A couple weeks ago, we ran a story examining the controversy behind tracking people's phones. In it, we talked about Carrier IQ, a startup that was allegedly tracking (on behalf of carriers) mobile phone users' locations, what input method customers were using, AND what customers were typing into their phones.
Naturally, the allegations ended up drawing a lot of media attention, with many accusing Carrier IQ of egregious violations of privacy.
One such commentator was Cornell University professor Stephen Wicker. "This is my worst nightmare," said Wicker, a professor of electrical and computer engineering, on NetworkWorld.com (Dec. 2). "As a professor who studies electronic security, this is everything that I have been working against for the last 10 years. It is an utterly appalling invasion of privacy with immense potential for manipulation and privacy theft that requires immediate federal intervention."
The company issued a statement last week (Dec. 1) saying it is committed to protecting consumers' privacy: "Consumers have a trusted relationship with operators and expect their personal information and privacy to be respected. As a condition of its contracts with operators, Carrier IQ operates exclusively within that framework and under the laws of the applicable jurisdiction. The data we gather is transmitted over an encrypted channel and secured within our customers’ networks or in our audited and customer-approved facilities."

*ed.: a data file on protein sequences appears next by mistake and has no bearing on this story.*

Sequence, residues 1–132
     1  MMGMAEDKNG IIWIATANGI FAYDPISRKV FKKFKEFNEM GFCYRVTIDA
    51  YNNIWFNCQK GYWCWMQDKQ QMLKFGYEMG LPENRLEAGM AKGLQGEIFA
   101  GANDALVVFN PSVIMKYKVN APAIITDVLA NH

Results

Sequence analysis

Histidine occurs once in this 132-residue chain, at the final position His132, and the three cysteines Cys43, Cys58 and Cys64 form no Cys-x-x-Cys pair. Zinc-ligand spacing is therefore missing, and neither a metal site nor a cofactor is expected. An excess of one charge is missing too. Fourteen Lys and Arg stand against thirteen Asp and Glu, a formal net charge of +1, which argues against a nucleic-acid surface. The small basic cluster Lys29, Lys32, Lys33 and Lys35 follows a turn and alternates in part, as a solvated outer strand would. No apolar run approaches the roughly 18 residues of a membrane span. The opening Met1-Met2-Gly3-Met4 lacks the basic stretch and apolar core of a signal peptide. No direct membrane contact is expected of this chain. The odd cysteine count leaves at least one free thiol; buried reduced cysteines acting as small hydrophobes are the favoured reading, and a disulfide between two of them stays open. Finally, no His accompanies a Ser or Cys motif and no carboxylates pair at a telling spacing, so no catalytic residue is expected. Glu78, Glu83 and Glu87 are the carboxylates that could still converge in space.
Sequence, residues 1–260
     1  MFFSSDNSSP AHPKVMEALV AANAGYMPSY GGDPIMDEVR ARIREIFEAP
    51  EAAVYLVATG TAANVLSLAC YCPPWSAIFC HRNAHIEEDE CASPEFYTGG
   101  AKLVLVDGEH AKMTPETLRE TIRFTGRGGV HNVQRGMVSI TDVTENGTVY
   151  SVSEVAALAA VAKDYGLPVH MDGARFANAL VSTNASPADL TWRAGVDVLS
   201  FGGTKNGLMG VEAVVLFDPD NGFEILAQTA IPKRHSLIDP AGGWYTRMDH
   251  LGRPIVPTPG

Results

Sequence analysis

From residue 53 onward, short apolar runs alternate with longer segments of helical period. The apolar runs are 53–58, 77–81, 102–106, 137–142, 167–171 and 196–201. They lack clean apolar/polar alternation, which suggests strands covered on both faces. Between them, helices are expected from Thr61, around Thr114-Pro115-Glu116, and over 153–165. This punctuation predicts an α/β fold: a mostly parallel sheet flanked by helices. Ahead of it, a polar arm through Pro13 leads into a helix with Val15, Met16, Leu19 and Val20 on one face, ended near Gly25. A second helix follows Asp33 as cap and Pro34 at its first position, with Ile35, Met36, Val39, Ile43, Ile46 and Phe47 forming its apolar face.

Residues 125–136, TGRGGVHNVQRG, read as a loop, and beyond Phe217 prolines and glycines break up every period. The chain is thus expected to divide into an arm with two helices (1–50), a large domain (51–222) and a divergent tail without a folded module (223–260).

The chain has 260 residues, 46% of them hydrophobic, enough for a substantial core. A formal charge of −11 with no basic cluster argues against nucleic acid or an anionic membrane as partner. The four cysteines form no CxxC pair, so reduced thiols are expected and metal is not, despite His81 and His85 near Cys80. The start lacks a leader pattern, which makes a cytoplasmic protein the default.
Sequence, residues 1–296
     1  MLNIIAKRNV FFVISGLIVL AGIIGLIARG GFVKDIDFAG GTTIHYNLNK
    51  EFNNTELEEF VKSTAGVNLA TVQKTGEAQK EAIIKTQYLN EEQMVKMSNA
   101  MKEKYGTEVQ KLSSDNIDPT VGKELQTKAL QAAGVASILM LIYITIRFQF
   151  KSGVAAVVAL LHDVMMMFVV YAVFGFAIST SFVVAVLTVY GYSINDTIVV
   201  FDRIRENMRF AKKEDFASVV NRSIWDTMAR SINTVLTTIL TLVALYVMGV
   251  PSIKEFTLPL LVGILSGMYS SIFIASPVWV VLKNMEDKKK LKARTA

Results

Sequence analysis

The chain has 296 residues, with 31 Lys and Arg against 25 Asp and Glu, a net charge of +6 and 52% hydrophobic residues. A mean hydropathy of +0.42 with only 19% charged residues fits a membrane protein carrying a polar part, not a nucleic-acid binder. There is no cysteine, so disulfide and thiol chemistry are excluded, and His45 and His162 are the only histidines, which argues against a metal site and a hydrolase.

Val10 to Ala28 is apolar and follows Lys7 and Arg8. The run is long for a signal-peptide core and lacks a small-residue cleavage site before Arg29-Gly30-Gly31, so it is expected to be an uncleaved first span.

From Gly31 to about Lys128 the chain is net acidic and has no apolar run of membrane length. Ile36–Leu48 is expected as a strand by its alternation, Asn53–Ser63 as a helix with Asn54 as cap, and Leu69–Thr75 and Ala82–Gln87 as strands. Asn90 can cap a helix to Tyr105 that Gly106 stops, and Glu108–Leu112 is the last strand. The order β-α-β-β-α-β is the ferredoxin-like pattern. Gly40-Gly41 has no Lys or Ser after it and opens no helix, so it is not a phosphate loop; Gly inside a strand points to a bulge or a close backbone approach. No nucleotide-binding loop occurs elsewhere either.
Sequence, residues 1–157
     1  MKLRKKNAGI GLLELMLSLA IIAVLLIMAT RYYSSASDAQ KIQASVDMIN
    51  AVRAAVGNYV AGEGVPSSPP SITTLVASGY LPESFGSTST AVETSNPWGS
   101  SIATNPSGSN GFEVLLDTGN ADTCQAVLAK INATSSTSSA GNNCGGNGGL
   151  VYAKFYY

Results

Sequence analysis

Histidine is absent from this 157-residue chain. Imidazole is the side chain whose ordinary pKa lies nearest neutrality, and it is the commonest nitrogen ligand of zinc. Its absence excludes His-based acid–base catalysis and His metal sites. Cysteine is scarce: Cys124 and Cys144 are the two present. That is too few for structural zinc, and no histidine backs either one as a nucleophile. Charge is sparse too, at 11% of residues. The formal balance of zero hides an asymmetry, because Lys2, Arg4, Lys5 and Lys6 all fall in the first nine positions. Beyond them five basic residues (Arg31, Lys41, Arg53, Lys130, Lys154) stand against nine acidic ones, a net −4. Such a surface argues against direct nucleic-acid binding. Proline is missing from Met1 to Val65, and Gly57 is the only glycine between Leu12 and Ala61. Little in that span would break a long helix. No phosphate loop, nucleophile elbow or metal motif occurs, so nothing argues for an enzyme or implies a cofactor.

In the statement, Carrier IQ also denies violating any wiretap laws.
Professor Wicker says that's all fine and dandy, but asks just how "anonymous" this type of data (particularly what's being typed into the phones) can be. "How hard would it be to 'de-anonymize' a pile of text messages between me and my wife? My mother? My children? Banking IDs with passwords?"
Wicker makes a good point. The most serious charge against Carrier IQ is its ability to track what you're typing into your phone, a process known as "keylogging."
Recent reports claim the keylogging accusations against Carrier IQ are false. Security consultant Dan Rosenberg analyzed the company's assembly code language and told CNET News (Dec. 2) that "the application does not record and transmit keystroke data back to carriers."
CNET's Declan McCullagh today wrote a follow-up article on Carrier IQ, providing further evidence that it is not keylogging. Rosenberg says, "Carrier IQ cannot record SMS text bodies, web page contents, or email content even if carriers and handset manufacturers wished to abuse it to do so. There is simply no metric that contains this information."
But even if Carrier IQ is incapable of capturing keystrokes, McCullagh writes, "other privacy concerns remain."
To address those concerns, Rosenberg suggests:
- Carriers should allow consumers to opt out of any form of data collection.
- Carriers should provide added transparency on what data they are collecting.
- A third-party agency should oversee what data is collected to prevent abuse.
I'm with Rosenberg on those three suggestions.